The Honor to Tell Someone’s Story


This story comes from my sister, who is in the rotations phase of Medical School. Years ago, when she was in undergrad, she was focusing on politics, design, and peace studies . . . you know, the things that naturally lend themselves to Med. School.

Kidding aside, these things truly did contribute to the kind of doctor that my sister would be. Recently, she wrote about her Photography 101 course, and shared it with me. In that course, they had projects and once per week they would present what they had completed with the class for a critique. One week, my sister presented the pictures she had taken of Latino preschoolers at a local South Bend school where a friend volunteered. She spent enough time in the classroom to get some great photographs, but she did not speak with the students very much.

When it came time to present in class, she was ready with her black-and-white pictures that she felt proud of. But, the teaching assistant challenged them. He said:

“Your images are beautiful . . . but you must be very careful about something. As a photographer, you must strive to understand someone first before having the honor to tell his or her story. If you are going to tell a person’s story, listen to them.”

Essentially, the T.A. said that the project might even be misconstrued as racist. Since it displayed the students as images without any of their story, or their words, it objectified them in a way that was left up to the viewer. Belonging to a minority group, as well as being so young, meant that these children did not have as powerful of a voice as many others in America. In my sister’s presentation, she included only brief quotes from the children, such as what they wanted to be when they grew up. She learned her lesson, and never took storytelling lightly again. Since then, she has worked with patients of all backgrounds. Interviewing elderly patients for research, she listened to stories and asked if they felt that their care was adequate. Now, she is applying to residencies in family medicine, and she holds true to the responsibility of listening. As a family doctor, her job will be to listen to patients and to consult on their behalf. She knows that misrepresenting their stories can be dangerous; in this case, for their health.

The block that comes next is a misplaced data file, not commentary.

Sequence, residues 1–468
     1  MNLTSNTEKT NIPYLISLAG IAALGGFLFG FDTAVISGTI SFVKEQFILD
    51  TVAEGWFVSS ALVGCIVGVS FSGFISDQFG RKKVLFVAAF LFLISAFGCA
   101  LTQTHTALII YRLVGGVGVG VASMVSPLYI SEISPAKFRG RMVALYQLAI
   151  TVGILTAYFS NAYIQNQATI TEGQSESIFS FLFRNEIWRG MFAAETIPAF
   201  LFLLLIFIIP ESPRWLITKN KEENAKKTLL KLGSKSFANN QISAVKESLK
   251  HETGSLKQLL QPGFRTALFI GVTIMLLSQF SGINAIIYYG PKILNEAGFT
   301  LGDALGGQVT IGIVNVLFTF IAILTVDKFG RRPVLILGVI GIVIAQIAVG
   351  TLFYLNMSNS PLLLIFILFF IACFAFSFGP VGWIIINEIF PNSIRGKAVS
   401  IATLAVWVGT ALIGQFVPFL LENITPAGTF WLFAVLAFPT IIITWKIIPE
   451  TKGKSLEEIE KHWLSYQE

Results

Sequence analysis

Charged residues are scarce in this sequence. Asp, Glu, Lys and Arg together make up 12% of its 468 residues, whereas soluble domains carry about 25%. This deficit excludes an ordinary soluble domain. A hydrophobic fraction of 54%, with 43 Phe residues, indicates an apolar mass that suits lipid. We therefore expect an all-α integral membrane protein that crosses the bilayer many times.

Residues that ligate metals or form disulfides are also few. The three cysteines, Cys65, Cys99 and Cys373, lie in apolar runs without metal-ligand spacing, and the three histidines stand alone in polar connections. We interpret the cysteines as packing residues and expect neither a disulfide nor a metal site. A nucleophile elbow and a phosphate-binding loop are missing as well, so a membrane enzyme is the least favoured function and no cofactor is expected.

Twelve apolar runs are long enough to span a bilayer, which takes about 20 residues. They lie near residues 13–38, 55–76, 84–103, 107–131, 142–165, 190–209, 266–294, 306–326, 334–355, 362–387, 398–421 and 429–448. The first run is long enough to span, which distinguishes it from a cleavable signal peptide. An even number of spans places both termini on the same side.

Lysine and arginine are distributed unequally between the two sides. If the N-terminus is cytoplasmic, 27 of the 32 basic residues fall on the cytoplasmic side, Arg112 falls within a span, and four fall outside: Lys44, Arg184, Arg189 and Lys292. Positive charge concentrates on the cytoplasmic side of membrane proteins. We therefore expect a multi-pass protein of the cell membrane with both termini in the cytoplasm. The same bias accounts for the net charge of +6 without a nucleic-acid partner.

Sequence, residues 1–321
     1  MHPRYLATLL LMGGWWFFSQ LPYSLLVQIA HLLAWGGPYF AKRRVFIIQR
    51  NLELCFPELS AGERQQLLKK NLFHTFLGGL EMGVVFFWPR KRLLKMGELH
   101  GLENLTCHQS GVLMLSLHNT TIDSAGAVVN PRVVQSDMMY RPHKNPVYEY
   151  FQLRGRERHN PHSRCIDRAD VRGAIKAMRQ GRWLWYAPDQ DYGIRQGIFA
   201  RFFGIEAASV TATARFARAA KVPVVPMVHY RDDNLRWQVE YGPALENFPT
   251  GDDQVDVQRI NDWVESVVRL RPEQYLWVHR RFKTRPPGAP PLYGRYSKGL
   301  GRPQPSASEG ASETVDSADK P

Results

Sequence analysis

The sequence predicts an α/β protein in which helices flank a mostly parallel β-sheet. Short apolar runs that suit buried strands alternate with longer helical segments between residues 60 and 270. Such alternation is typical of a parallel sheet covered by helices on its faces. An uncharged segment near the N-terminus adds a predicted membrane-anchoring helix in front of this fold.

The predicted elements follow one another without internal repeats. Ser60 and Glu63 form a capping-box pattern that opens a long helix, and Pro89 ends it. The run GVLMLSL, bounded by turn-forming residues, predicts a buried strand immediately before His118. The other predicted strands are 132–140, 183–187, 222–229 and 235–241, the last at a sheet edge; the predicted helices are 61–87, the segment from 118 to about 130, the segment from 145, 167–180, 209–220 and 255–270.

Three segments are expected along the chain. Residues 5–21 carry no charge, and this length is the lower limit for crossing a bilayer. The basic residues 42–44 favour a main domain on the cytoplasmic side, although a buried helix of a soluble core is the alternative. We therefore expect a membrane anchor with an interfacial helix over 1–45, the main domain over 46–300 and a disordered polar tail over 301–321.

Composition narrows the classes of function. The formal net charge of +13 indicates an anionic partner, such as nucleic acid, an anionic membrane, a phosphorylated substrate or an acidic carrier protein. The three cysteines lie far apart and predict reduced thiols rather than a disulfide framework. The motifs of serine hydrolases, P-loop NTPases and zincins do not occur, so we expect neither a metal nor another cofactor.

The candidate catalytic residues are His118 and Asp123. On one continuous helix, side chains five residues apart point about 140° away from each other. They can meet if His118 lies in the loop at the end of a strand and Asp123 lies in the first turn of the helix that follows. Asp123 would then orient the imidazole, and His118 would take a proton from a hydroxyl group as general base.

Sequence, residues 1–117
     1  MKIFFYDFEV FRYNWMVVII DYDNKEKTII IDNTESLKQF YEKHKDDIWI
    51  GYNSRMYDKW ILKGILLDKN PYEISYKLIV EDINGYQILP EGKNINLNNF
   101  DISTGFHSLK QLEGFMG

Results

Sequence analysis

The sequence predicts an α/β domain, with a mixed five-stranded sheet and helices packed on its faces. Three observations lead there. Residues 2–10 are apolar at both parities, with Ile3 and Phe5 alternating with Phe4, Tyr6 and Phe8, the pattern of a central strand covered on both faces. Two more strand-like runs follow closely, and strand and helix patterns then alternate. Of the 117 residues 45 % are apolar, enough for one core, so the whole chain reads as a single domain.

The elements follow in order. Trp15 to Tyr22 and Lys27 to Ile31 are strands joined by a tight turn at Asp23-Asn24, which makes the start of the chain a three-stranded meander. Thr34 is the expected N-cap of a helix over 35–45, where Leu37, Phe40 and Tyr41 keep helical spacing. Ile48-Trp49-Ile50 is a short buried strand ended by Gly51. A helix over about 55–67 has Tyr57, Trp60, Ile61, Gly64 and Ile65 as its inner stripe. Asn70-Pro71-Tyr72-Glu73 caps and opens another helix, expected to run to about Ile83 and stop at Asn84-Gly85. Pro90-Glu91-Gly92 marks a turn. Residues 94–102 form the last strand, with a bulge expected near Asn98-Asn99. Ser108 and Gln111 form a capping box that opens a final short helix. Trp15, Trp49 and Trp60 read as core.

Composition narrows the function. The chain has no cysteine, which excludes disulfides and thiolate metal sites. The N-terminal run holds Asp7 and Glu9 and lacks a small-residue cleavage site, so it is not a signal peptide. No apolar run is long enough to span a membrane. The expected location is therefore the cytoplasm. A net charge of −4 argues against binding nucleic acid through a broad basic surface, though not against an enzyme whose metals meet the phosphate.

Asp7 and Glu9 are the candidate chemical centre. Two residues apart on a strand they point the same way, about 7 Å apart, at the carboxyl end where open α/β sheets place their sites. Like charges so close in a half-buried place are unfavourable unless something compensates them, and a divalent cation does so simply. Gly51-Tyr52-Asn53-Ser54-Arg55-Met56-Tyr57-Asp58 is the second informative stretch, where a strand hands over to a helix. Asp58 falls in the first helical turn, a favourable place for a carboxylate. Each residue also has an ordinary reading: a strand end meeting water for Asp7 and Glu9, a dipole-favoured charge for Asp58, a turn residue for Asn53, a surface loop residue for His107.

Similarly, misrepresenting stories can be dangerous for other reasons. As I was reading my sister’s essay, I thought about my experiences teaching and learning language. Teachers represent more than they know. For example, when we teach English abroad, we act as a window into our culture and English-speaking world, whether we like it or not. Our students listen to us and trust our worldviews. Thus, we tell stories on behalf of millions like us every time we make a generalization about “in America…” or “in English…” Likewise, as a student in Tanzania, I witnessed both sides of the issue. When locals neglect to listen to foreigners, it leads to the awkward moments when strangers would assume I was a tourist, a drug dealer, or even a spy. When foreigners neglect to listen to locals, it leads to misunderstanding, the fairy-tale romantic image of Africa, and oversimplified news articles about terrorism and religion. In both cases, ignoring the full story behind a person leads to dangerous distrust and stereotypes.

Having said that, when we do take it upon ourselves to share someone’s story–whether it is through photography, news articles, or blog posts–we have a sensitive responsibility. For those of us who have the means to share a story with a wide audience, we have to be careful and thoughtful. It is an honor to tell someone’s story. When we share, people trust us. Our photographs, articles, and essays become truth. Hopefully that truth may always reflect the well-rounded, multi-faceted reality.

. . .

For an even better explanation of why storytelling matters so much, listen to this TED-talk by Chimamanda Adichie.

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